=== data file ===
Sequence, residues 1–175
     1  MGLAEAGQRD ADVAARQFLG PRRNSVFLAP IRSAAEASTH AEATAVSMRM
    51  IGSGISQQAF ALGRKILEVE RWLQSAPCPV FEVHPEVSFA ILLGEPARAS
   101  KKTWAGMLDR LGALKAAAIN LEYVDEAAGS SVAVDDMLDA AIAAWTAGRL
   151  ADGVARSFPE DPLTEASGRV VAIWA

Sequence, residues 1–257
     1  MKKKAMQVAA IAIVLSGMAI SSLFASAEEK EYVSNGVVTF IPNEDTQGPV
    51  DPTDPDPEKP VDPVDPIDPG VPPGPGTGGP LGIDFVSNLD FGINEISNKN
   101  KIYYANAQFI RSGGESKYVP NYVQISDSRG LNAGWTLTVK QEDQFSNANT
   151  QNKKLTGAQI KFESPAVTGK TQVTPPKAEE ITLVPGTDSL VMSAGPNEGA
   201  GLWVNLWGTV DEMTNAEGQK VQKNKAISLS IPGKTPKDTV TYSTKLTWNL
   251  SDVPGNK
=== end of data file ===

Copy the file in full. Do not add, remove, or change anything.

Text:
Sequence, residues 1–175
     1  MGLAEAGQRD ADVAARQFLG PRRNSVFLAP IRSAAEASTH AEATAVSMRM
    51  IGSGISQQAF ALGRKILEVE RWLQSAPCPV FEVHPEVSFA ILLGEPARAS
   101  KKTWAGMLDR LGALKAAAIN LEYVDEAAGS SVAVDDMLDA AIAAWTAGRL
   151  ADGVARSFPE DPLTEASGRV VAIWA

Sequence, residues 1–257
     1  MKKKAMQVAA IAIVLSGMAI SSLFASAEEK EYVSNGVVTF IPNEDTQGPV
    51  DPTDPDPEKP VDPVDPIDPG VPPGPGTGGP LGIDFVSNLD FGINEISNKN
   101  KIYYANAQFI RSGGESKYVP NYVQISDSRG LNAGWTLTVK QEDQFSNANT
   151  QNKKLTGAQI KFESPAVTGK TQVTPPKAEE ITLVPGTDSL VMSAGPNEGA
   201  GLWVNLWGTV DEMTNAEGQK VQKNKAISLS IPGKTPKDTV TYSTKLTWNL
   251  SDVPGNK